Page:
Compared to concrete, Hempcrete has 95% lesser compressive strength coming in at 1MPa, limiting its usage to non-load-bearing uses such as in-fill walls complementing a framed structure rather than in foundations. The lighter weight of each block makes it easier to be carried around on a job site. In earthquake prone areas, Hempcrete’s property to be resistant to cracking due to its low density is put to use.

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Hempcrete as an insulating layer over brick_ISOHemp

Hempcrete blocks are used in the same dimensions as concrete blocks and are further used as infill walls along with a framed structure. It is used as an insulating layer between wall cavities by mixing in a mortar mixer for a couple of minutes and stuffed into wall cavities manually. The shuttering before applying hempcrete could be a temporary slip formwork with wood, steel, or plastic. 

The material is finished on the outside with a hard mix coating of 20mm thickness to protect it with a final-colored topcoat finish added. A resemblance to stucco finish can be noticed with Hempcrete and the insides can be finished with lime plaster or left natural.

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Hempcrete finished like stucco plaster_httpwww.americanlimetechnology.comwhat-is-hempcrete

The Variables

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Hempcrete as wall insulation with wooden formwork_Alex Sparrow

The materials and composition of these materials used for producing Hempcrete depend a lot on their quality, quantity, and characteristics. The woody-core of the hemp plant known as hemp hurd would consist of fibers that would vary in size, grading, volume, and length. A higher percentage of fibers would increase density by compensating for a loss in thermal performance.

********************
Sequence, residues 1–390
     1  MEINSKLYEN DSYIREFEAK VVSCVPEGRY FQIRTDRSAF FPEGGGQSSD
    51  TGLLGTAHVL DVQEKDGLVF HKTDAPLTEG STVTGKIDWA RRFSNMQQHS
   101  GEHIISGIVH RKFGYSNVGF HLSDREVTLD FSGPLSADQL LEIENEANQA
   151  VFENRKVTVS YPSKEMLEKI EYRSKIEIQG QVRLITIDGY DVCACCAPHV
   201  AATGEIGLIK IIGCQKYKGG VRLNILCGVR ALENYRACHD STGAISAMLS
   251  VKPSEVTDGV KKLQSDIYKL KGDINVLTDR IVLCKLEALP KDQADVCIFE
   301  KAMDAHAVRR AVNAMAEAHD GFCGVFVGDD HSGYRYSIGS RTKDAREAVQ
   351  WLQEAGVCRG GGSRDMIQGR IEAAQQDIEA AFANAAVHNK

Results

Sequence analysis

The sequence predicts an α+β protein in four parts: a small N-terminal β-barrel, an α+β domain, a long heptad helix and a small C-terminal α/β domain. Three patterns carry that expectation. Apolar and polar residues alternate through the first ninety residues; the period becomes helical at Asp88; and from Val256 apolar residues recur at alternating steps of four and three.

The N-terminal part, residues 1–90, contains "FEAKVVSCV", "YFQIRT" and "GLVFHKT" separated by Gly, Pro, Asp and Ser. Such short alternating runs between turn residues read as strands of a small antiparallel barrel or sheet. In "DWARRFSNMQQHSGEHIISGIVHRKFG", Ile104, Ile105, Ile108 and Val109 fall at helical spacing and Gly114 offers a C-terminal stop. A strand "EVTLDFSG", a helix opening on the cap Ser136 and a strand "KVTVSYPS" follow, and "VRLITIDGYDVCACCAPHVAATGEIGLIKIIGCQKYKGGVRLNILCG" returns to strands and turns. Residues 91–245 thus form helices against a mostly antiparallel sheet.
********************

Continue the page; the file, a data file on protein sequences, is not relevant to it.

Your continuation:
The different grades of lime that are used as a binder for hempcrete also could have varying characteristics to the final product. The additives used in lime and its composition may affect the setting time, strength, and durability of the hempcrete mixture. Even if hurd and lime variables are controlled, the absorption of water in the mixture by hemp hurd can cause the quality of Hempcrete to reduce. 

One of the most critical variables is the placement of hempcrete into the building. To make sure that the mix is well bonded and has integrity, in-wall and floor applications, manual tamping is required. Even more, the amount of tamping can affect the densities and can have a large impact on thermal performance.


editor and editor (n.d.). 6 Advantages of Building With Hempcrete. [online] Available at: https://greenbuildingcanada.ca/2017/advantages-building-hempcrete/.

Rise. (2019). Building with Hempcrete. [online] Available at: https://www.buildwithrise.com/stories/building-with-hempcrete.

Americanlimetechnology.com. (2012). What is Hempcrete? | American Lime Technology Website. [online] Available at: http://www.americanlimetechnology.com/what-is-hempcrete/.


Darsan Babu, an architect, dreamer and a storyteller who loves to take on challenges and reform perspectives on some days, but sit by the mountain and quote words of Howard Roark on others. Would love to explore all things architecture, educate and shape the Urbanscape soon enough.